Very few regard the 2016 presidential election season as normal in any respect thanks to the unique reality TV talents of Donald Trump. His masterful seizure of our public discourse is endlessly discussed with every new outrageous statement he makes, many now questioning the journalism that is being practiced even by reputable news organizations.
Media analysis from respected sources such as Jay Rosen, Jeff Jarvis and the Columbia Journalism Review have weighed in about widespread journalistic malpractice, and CNN host Brian Stelter specifically criticized Fox News for greater public shaming.
But there is little analysis pointing to a more systemic problem, namely that our commercially driven media system combined with under-resourced non-profit media organizations serving audiences as citizens, not consumers, require the systematic teaching of critical media literacy at all K-12 and college levels of instruction.
Unlike all of the British Commonwealth countries and most of Western Europe, the U.S lags far behind in teaching basic media education. Entirely too few American citizens, including Supreme Court justices, are aware of practical explanations as to WHY we as a nation are experiencing such breathtaking sophistry, mendacity and manipulation of public discourse this election cycle.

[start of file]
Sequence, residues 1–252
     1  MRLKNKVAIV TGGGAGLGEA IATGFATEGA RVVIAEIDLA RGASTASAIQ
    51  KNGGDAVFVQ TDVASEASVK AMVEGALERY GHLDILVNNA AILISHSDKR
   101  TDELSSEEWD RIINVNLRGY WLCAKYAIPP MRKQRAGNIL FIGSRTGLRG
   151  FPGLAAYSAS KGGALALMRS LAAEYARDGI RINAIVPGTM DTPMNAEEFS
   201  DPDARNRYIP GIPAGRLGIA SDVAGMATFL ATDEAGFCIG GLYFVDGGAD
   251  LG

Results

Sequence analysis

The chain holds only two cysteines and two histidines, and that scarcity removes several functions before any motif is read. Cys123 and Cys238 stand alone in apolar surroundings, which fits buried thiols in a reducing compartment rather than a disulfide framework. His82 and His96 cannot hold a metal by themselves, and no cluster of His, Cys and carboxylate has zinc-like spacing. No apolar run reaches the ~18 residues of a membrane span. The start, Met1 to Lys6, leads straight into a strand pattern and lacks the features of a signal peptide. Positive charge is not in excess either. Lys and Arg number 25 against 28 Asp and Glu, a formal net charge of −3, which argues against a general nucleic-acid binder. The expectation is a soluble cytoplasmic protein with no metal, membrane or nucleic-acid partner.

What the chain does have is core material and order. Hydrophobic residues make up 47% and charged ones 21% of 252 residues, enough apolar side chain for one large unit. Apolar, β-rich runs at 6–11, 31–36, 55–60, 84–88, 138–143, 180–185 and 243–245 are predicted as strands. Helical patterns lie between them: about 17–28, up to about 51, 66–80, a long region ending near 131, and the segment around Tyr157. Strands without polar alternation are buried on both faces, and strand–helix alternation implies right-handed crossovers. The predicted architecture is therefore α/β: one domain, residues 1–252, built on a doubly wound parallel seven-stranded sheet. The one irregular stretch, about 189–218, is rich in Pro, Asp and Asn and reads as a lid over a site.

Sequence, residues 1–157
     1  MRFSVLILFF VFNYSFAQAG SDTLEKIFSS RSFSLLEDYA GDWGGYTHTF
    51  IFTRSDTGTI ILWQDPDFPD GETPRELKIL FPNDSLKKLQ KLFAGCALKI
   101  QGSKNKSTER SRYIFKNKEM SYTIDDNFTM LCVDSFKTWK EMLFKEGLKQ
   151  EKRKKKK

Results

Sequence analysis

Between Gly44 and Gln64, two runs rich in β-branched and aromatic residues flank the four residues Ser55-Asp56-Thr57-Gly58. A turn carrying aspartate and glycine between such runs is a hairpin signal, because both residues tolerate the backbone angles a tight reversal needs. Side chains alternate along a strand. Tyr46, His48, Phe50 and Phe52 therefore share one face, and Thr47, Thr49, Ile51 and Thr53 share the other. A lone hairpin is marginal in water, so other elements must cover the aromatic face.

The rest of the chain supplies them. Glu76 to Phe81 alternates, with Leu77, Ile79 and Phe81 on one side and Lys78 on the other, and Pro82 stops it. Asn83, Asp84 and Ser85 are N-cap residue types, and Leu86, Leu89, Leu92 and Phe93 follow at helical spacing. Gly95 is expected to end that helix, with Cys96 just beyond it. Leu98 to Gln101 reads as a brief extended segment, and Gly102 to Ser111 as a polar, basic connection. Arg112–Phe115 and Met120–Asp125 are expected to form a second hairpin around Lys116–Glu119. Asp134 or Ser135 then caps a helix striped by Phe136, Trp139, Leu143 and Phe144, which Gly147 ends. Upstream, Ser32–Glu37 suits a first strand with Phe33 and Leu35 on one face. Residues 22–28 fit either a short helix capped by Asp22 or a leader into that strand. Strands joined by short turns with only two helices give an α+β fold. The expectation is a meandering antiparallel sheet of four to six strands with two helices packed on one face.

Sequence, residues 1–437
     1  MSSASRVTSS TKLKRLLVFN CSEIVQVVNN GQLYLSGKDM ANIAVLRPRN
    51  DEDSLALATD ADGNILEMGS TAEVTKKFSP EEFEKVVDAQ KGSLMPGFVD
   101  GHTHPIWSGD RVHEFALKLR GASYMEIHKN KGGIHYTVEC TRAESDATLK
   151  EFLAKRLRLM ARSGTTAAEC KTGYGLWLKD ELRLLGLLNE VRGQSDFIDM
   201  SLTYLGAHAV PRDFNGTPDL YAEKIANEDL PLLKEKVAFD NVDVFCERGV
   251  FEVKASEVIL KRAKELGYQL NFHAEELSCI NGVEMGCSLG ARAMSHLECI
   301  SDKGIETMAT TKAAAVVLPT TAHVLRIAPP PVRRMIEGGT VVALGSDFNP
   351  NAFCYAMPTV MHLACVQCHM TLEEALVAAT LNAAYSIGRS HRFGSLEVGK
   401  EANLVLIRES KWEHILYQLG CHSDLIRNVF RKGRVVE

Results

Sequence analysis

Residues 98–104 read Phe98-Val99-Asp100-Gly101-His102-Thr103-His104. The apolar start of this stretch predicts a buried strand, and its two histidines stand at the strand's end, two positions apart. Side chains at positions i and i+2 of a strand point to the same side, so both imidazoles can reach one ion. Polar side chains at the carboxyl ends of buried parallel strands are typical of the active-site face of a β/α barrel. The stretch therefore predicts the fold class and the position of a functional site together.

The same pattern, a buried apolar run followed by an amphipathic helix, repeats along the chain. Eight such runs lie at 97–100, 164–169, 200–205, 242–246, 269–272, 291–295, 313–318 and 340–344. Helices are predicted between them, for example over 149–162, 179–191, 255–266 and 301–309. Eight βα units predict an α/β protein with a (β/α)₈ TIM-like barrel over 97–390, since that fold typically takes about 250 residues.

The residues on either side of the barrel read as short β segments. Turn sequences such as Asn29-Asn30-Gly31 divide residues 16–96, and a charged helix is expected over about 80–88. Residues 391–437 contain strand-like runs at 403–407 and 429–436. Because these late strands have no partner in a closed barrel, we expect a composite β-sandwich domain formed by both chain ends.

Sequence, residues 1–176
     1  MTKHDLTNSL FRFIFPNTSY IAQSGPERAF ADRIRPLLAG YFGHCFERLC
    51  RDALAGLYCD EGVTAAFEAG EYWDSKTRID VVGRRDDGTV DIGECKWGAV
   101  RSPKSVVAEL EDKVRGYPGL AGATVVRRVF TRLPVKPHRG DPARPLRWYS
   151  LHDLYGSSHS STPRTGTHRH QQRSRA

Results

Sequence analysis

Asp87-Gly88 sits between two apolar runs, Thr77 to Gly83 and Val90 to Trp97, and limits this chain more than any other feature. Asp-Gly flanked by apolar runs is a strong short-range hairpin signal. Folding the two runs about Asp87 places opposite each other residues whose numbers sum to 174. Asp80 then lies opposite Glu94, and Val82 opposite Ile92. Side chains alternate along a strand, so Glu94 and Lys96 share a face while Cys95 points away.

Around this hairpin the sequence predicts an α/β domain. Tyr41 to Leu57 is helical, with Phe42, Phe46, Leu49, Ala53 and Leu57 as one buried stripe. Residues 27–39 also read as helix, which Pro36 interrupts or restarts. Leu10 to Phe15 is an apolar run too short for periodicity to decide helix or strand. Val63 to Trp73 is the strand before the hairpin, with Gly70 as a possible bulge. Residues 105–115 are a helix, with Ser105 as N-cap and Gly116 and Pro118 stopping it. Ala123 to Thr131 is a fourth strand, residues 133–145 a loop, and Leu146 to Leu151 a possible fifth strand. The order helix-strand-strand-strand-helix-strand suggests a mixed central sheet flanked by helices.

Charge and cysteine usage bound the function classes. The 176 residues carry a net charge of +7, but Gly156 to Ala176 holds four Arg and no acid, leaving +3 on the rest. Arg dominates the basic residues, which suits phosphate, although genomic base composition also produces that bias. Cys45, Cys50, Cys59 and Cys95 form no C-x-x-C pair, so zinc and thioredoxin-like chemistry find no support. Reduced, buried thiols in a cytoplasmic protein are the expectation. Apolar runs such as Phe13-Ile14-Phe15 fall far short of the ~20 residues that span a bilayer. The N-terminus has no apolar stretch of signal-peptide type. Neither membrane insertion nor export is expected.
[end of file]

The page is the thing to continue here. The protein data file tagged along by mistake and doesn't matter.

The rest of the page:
A healthier balance of commercial and public media is unlikely to be realized in the U.S. for a very long time, in large part due to the paucity of critical media literacy skills among our citizenry. Perhaps a growing awareness of the dangers facing our democracy related to our hyper-commercial media system and scarce knowledge of media education that have allowed a rank demagogue the opportunity to actually become our president will open the American mind to this unexamined reality. Key organizations addressing this issue worth following: